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Award winners

ice news

Project: Tamar Bridge Strengthening

Client: Tamar Bridge & Torpoint Ferry Joint Committee

Designer: Hyder

Contractor: Cleveland Bridge

UK Other firms: Mouchel; Leonhardt, Andr' und Partner; Faber Maunsell; Skanska

Cost: £35M

The 335m span Tamar Bridge was Britain's first long span suspension structure when completed in 1961.

Four decades on, the reinforced concrete deck was deteriorating and the crossing was seriously congested with 40,000 vehicles a day crossing from Devon to Cornwall - ten times the traffic it carried on opening.

An initial plan, to add external cantilevers carrying temporary decks to allow the main deck to be rebuilt without interrupting traffic, developed into a permanent widening scheme. For about a tenth the cost of a replacement crossing Tamar has now been both strengthened and widened. Weight was saved by replacing the concrete deck with steel, allowing the deck to be expanded from three lanes to four lanes.

Additional stay cables were added to increase the load carrying capacity of the main truss without detracting from the appearance of the suspension structure. All this work has been done with negligible interruption to traffic, claimed to be a world first.

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Project: Restoration of Standedge Tunnel, Marsden, West Yorkshire

Client & designer: British Waterways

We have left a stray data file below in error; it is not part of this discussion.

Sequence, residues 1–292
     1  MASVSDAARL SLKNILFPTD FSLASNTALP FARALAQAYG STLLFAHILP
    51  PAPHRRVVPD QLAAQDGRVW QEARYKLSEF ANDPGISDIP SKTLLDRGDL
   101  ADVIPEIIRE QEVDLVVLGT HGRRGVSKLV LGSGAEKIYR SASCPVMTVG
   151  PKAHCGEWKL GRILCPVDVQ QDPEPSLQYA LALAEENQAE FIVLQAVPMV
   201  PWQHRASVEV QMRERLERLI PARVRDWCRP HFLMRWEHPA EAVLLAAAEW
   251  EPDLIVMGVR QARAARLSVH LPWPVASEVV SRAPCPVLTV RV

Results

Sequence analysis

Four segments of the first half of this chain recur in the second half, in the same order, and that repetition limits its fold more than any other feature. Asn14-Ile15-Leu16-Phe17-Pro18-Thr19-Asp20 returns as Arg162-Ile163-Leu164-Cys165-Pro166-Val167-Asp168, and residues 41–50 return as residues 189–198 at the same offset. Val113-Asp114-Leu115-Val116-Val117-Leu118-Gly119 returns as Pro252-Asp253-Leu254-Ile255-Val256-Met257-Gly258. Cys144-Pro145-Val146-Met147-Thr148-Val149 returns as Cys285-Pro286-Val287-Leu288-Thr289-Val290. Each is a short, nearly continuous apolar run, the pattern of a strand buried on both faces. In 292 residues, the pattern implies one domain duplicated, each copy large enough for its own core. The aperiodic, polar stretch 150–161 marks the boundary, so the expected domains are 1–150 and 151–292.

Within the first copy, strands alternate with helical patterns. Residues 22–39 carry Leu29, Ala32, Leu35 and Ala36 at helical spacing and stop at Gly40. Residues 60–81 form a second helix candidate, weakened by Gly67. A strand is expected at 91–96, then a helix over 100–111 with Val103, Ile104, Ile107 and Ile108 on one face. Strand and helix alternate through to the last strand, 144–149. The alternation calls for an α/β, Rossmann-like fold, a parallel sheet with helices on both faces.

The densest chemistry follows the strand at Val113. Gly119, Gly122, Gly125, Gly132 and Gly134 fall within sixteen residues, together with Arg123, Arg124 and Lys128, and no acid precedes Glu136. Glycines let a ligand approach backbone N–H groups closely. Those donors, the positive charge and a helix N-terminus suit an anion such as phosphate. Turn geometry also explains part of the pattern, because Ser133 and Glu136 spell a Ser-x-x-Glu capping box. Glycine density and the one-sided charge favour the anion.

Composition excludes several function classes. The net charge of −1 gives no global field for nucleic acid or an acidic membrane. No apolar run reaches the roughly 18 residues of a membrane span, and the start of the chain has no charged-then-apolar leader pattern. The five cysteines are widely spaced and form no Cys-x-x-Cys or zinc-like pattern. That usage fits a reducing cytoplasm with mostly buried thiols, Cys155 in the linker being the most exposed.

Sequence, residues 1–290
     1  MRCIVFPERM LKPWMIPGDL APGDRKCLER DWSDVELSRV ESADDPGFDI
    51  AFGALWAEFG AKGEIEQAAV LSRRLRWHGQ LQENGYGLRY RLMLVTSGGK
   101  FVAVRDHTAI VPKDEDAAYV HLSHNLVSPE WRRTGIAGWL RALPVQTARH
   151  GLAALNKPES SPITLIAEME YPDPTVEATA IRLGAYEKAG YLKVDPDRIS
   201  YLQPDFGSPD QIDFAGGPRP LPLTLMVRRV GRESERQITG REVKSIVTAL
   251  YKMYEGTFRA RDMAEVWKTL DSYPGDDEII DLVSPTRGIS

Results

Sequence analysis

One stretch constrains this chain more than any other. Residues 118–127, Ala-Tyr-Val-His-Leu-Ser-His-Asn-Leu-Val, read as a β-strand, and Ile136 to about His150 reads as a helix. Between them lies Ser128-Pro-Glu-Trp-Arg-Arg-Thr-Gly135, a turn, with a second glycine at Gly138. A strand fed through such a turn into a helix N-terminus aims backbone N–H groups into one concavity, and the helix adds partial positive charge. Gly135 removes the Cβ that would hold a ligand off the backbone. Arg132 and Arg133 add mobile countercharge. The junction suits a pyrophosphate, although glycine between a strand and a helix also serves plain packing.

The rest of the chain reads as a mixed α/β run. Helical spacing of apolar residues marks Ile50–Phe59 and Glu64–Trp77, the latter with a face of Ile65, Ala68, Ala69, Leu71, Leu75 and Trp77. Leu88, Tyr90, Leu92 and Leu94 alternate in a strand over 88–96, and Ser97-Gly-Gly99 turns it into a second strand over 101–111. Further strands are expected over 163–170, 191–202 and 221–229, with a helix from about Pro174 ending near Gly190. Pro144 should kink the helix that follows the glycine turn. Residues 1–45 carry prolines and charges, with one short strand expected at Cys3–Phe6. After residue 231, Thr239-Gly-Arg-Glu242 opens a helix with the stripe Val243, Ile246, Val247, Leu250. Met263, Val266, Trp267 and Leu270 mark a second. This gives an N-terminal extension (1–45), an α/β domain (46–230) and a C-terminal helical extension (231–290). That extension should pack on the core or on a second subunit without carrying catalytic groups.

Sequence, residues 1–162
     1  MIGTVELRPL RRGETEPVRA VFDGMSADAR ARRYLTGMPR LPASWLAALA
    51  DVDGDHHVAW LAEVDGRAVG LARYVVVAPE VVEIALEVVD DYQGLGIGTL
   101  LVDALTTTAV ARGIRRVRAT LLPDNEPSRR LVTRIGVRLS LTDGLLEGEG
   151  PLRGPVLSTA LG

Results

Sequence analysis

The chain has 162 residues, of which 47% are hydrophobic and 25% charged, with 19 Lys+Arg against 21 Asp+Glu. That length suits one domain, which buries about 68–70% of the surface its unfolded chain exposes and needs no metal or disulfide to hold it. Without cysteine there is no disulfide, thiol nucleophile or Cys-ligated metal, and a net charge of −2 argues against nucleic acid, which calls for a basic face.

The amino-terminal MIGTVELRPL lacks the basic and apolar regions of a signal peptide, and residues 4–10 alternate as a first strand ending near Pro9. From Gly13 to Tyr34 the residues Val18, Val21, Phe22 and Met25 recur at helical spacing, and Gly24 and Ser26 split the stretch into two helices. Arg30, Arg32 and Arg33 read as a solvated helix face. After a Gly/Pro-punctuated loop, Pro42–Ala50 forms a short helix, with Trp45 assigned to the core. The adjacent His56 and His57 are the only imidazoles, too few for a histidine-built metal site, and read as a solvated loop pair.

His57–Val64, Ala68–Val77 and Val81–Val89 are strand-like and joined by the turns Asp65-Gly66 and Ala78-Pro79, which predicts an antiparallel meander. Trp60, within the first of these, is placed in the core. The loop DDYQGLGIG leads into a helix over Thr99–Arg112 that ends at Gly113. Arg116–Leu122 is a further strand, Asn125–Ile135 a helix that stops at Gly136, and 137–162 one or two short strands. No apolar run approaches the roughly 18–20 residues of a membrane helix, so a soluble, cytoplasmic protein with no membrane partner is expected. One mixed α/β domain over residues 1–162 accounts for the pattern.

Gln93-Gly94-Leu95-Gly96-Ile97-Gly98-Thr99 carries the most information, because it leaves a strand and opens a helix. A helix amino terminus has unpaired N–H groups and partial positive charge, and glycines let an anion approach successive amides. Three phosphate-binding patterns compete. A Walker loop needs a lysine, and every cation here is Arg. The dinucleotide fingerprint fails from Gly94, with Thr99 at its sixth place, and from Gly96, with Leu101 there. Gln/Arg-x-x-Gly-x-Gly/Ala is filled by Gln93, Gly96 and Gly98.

Contractor: Amalgamated

Construction Cost: £4.5M

Constructed between 1794 and 1811 Standedge remains the longest, at 5.2km, highest above sea level, at 195m, and deepest below the surface, at 180m, canal tunnel in Britain. But the largely unlined tunnel had been abandoned in 1944 and left for nature to take its course. Half a century on, the decision was taken to reinstate the tunnel to form a vital part of the Huddersfield Narrow Canal and Pennine Ring, giving a circular route from Manchester.

Between May 1999 and December 2000 the tunnel was drained, silt pumped out and some 2,000t of fallen rock and spoil removed. To repair 2.2km of deteriorated tunnel some 6,000, 2.2m long stainless steel rock bolts were installed and 6,500m 3of sprayed concrete applied.

Extensive work was also needed to stabilise air shafts and cross passages linking with two disused and one live rail tunnel that run parallel.

The canal reopened in May last year.

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Project: Anderton Boat Lift Restoration, Northwich

Client, designer & contractor: British Waterways

Other firms: Aspen Burrow Crocker; Lewin Fryer & Partners; Bosch Rexroth (hydraulic system); R&R Engineering; TI Coatings; SGB

Cost: £6.8M

The Anderton Boat Lift was a world first when completed in 1875 with an hydraulic operating mechanism.

It connects the Trent & Mersey Canal and Weaver Navigation over a 17m level difference. Failure of the hydraulics led to the lift's effective replacement in 1908 by a massive steel structure supporting an electro-mechanically operated lift tank arrangement featuring an array of massive exposed gear wheels. But in 1983 the lift was closed and abandoned until the possibility of grant aid made restoration feasible.

For this job British Waterways took on the role of designer and contractor because the scope of work required could not be defined accurately. Then it was discovered that the 1908 part of the Scheduled Ancient Monument was so severely corroded that 70% would have to be replaced to make the lift operational. In a way this was a bonus because it has enabled the lift to be restored to near its original hydraulically driven mechanism as possible.

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